11:55 PM  
Blogger Francois-Guillaume said...

i dont have the numbers but i have the feeling looking at the headlines, that there has been a lot of equity offerings this year (not only in financials). Thats deleveraging the system. even if those firms go bust, thats as much less losses to be taken by the banks...

if so, it could well be long term bullish for the market. i see this topic being underestimated and not being discussed at all, where as i think its actually the most important one... secondary market is only noise and perception. primary market is when NEW MONEY comes to the market... and thats bullish.

i see the entire blogging community as bearish while the mkt price action is bullish... on that basis only, it would make me feel very bullish

12:17 AM  
Blogger jmf said...

Moin Francois-Guillaumme,

you are right. Quite a few companies have used the window of opportunity to raise capital.

As i have said in May related to the stress testing farce....

"Let´s hope that the banks that have passed the test are able to attract as much "smart money" as fast ( window of opportunity probably short lived ) as possible...The taxpayer needs a break....."

Even outside the banking sector some have been able to raise fresh money to pay down debt or to keep them from braking covenants....

But compared to the overall debt problem i think this will only have a very very very small impact.

The new issuance is tiny compared to the leverage that is out there....

Most companies will be happy if they will be able to roll over their maturities or loans.....

On top of this i think this "window of opportunity" is now closed.....

Congratulations to all the companies that have managed to issue new securities/stocks. Well done

But compare this to news like this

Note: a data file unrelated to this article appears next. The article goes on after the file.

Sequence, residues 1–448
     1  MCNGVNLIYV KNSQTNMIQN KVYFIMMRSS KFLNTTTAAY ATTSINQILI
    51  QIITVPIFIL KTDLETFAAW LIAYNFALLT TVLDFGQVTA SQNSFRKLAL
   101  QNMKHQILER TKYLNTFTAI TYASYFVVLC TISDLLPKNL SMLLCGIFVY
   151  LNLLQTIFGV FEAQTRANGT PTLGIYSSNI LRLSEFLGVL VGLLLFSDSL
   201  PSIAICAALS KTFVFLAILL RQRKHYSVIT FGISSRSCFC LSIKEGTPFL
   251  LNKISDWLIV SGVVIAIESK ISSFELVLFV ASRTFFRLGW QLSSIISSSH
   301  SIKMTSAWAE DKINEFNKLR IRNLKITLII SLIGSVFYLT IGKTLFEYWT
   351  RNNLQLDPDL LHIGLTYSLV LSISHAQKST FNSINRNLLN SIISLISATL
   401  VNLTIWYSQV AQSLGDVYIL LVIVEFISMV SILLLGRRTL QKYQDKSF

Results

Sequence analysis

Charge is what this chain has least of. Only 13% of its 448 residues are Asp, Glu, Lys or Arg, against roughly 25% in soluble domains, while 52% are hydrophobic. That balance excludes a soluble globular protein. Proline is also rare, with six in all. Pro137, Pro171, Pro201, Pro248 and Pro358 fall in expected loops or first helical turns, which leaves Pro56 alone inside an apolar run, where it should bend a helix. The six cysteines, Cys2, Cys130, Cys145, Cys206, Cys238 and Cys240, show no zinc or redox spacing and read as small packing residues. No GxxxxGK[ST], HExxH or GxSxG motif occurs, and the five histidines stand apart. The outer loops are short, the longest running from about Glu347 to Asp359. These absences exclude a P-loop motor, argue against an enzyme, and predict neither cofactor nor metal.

"Forty companies have been jettisoned from the ranks of investment-grade credits this year"

The overall leverage level of companies has never been higher and i think lots of companies will be cash flow negative for longer than most think.....

I think the main driver to lower leverage will be a debt to equity swap or highly dilutive secondary offerings. Both not very good news for stock prices....

And i have some serious doubts that every dilution will be cheered with a higher equity price like during the past few weeks....

As in the past a significant haircut will be the price for keeping the company alive....

But for a large part of junk companies the debt to equity swap will become reality.....

3:16 AM  
Blogger Francois-Guillaume said...

agree with debt to equity swap.
but IF that happens.
the system is reset, companies can focus on making money again, and not on balance sheet, and we start up a new cycle ?
then the pb becomes the high debt of the public sector, which probably ends in inflation. positive for stocks.

stocks are expensive. but market technicals seem there and mkt is forward looking. cashflow may be bad for a few more years but mkt technicals say it doesnt matter now and many things can happen in between.

6:41 PM  
Blogger jmf said...

Moin Francois-Guillaume,

i don´t care if the market will have a last leg up.

For me the chance/risk profile is probably the worst i have seen in a very long time.

8:51 PM  
Blogger jmf said...

Chart Of The Day

For some perspective on the current stock market rally that began on March 9th, today's chart illustrates duration (calendar days) and magnitude (percent gain) of all significant Dow rallies that occurred during the 1929-1932 bear market (solid blue dots). For example, the bear market rally that began in November 1929 lasted 155 calendar days and resulted in a gain of 48%. As today's chart illustrates, the current Dow rally (hollow blue dot labeled you are here) is above average in both duration and magnitude relative to the average 1929-1932 bear market rally (hollow red dot). Compared to the current rally, only one 1929-1932 bear market rally was greater in both magnitude and duration and that was the first 1929-1932 bear market rally that began in November 1929.

1:16 AM